Indian Gaming Revenues Showing Signs of Recovery


  • Aliese M. McArthur New Mexico State University
  • Thaddieus W. Conner Boise State University
  • William A. Taggart New Mexico State University


This research note continues our investigation into the connection between Indian gaming revenues and the economic climate by providing an update on the current condition of Indian gaming in several states including New Mexico, California, Arizona, Connecticut and Oklahoma, all of which were subjects of previous notes. Our research notes have shown that the Indian gaming industry, while previously considered “recession-resistant,” is, in fact, susceptible to fluctuations in the economy (Conner and Taggart 2009a, 2009b, 2010; McArthur, Conner, and Taggart 2011). Following the collapse of the American housing finance market in 2007, Indian gaming revenues in Connecticut, New Mexico and Arizona showed significant revenues losses.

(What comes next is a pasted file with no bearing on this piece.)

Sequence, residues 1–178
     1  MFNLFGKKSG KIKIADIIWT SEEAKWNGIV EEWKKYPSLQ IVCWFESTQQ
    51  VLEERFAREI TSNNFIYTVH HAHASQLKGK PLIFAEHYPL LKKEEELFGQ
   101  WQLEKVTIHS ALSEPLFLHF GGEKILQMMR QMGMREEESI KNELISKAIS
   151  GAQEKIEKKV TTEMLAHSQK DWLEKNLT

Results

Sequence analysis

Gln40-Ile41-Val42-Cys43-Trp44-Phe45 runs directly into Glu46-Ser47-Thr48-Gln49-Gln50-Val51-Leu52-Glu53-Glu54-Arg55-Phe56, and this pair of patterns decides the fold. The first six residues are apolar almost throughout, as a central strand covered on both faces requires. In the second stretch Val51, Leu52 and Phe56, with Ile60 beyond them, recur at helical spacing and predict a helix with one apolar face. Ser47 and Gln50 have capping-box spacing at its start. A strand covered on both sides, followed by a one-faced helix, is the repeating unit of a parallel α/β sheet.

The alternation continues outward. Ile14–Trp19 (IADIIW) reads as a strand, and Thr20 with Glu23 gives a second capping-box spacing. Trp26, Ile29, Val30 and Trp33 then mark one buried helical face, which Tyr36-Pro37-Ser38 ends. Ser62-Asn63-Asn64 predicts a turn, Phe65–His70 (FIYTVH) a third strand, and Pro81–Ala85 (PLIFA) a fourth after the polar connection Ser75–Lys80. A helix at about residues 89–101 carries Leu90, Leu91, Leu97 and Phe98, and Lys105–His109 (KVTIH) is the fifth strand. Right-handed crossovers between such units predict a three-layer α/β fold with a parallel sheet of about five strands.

Further investigation revealed that some Indian tribes were utilizing defensive business strategies to offset, at least to some extent, the effects of the recession on gaming revenues (Conner and Taggart 2009; 2010). The two main strategies observed were decreasing the number of casino employees and increasing the number of slot machines on the floor, which are both more lucrative than table games and less costly, as they do not require labor for operation. Specifically in California, where information on tribal revenues was unavailable, a non-trivial increase in slot machines was observed, indicating that difficult times were being experienced by Indian gaming nations from coast to coast (Conner and Taggart 2010b). Oklahoma was the only state analyzed in past notes where revenues did not show significant changes in correlation with the recession (Conner and Taggart 2010a). We concluded that this is likely due to the relatively recent introduction of Class III gaming in the state, which is still realizing its revenue potential.


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Research Notes